1. Great post, Barbara, and I’m really looking forward to your book! I helped to organize and moderated a whole roundtable on the topic of your post at the Popular Culture Association back in 2000 (I believe the other panelists were Amy Nyberg, Charles Hatfield, Rusty Witek, and UP Mississippi’s Seetha Srinivasan), and at that time I put together a web resource laying out some of the relevant issues (at least for scholars in the USA – laws and rights differ from country to country). The page is still archived here:


    The information there is now over a decade old, and some of it may no longer be relevant, but it might still be of some interest. Sad to think that thirteen years later we still need to fight the same battles over and over again…

  2. Barbara says:

    Thanks for the link, Gene. It is sad that the same battles keep popping up, but this is also the result of new publishers (and authors, I guess) taking on publishing comics theory. If nothing else, it does show the field is expanding.

  3. These are important and sticky questions, Barbara, and I agree with you that the fair use issue has not been fully hammered out in this field. I second Gene’s lament that it is taking so long to work this out, too. Most of the journals I have published with are comfortable seeing the use of a few panels from a given work as fair use, recognizing that they represent a very small percentage of the whole work, but one journal (one, needless to say, that hadn’t yet published very much on comics) insisted on having me acquire permissions from the publishers at my expense. This was not a heartening experience.

    • Barbara says:

      Thanks, Adrielle. Were you in fact asked to pay fees, upon seeking permissions?
      Often the wording of the request makes a difference, like making clear up front that the use is not commercial but academic, and that you/the publisher don’t have funds to pay for permissions. But again, it is unfortunate that there doesn’t appear to be a generally accepted standard for this.

      • Yep, but just by one very large (general) press. The other two presses were comics publishers, and were quite gracious. I think we made the academic context clear, but I suspect the larger press saw the panels as a reproduction of a work of art (like a self-contained drawing or painting). Which, smile, they are in a way…and yet, not. Which is what makes this question so difficult…

  4. I had an experience similar to yours when I was working on my book. I had some great correspondence with artists about using their work, and upon reflection, I am struck by your idea that you were “eroding the right of fair use itself.” Better to apologize afterward than ask for permission?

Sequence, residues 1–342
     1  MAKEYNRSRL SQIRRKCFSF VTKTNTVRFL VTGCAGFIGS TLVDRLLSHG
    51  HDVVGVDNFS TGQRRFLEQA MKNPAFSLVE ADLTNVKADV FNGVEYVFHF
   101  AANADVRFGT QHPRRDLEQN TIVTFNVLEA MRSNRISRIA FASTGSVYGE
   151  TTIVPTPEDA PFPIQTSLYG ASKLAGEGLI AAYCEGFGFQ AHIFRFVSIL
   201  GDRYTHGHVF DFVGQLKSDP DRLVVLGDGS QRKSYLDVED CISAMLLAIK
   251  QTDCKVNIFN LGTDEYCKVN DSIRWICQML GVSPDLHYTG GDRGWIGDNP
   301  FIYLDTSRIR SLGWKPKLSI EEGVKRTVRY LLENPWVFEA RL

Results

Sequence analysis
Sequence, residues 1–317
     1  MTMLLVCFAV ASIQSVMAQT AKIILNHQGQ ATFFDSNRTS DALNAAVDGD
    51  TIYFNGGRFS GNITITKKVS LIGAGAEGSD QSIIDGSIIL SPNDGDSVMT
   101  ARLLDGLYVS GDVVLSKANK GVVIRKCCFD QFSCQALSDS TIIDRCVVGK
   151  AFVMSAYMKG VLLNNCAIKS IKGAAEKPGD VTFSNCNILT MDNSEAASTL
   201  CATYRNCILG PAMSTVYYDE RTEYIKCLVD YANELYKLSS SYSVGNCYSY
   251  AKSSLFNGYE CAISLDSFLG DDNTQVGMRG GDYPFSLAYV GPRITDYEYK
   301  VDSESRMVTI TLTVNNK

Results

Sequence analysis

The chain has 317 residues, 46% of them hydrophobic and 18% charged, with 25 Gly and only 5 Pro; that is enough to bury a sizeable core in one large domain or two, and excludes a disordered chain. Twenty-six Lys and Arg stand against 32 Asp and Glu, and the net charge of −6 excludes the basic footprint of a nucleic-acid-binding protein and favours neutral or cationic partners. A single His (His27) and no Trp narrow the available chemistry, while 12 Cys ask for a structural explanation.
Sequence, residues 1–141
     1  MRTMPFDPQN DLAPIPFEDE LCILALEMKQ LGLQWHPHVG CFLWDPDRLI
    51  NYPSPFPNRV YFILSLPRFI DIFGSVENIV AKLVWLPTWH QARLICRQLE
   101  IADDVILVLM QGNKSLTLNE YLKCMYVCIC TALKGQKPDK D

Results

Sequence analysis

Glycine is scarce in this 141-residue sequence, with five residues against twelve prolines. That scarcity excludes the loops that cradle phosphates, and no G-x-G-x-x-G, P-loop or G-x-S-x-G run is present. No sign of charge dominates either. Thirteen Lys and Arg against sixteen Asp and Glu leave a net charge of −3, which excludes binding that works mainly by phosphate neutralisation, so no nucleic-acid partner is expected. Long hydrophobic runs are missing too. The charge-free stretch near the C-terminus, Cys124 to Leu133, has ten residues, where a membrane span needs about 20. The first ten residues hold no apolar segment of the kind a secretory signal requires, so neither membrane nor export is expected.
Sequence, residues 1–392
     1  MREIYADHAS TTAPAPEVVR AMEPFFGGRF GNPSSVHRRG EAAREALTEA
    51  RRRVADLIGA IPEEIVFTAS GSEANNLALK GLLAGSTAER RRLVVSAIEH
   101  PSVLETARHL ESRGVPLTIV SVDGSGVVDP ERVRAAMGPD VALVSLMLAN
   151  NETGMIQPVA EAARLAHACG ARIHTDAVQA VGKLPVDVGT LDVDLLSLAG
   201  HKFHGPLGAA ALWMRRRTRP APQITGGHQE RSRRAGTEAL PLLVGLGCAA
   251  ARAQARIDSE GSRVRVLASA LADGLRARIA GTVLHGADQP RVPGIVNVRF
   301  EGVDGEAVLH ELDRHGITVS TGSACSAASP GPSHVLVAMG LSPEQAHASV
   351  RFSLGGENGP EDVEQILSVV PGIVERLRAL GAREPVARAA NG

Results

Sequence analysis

But I have a question about a point you made in the post. You said that when we use comics panels in our scholarship, we don’t put quotation marks around them. I wonder if you could write more about that. You’re right of course, and in some ways academia fetishizes the quotation mark as one of the mightiest of punctuation marks. If we use it properly, we are good people, morally and ethically upstanding. If we use them incorrectly or if we forget to put them in, then we are risking our reputations as trustworthy scholars and perhaps even our very existence in academia.

    Thanks for a great post, Barbara!

  5. Barbara says:

    Thanks, Frank!
    About those quotation marks: in the piece Gene linked to in his comment, one of the preliminary questions is whether a panel included in a scholarly article is a quotation or an illustration. This depends on how those panels are used and discussed in the article. If someone is really doing a close reading and discussing details of the panel in depth, then the included panel is a quotation. If they are only there as embellishment, like the images accompanying my own post, then they’re illustration. You say academia fetishizes quotation marks: they become a mark of our diligence as scholars. This is because unmarked quotes are subsumed by our own text and it’s hard to tell where our text ends and the quoted scholar’s starts. This is not a problem with quoting comics panels, which are automatically marked as someone else’s in our text. The exception being of course a study like Scott McCloud’s, which is itself in comics form. Then we need to think of another method to mark quotes. I think that in _Understanding Comics_ any “quoted” panels are marked by accompanying copyright information but nothing else–perhaps another reason for why academics often complain that McCloud’s work isn’t scholarly enough…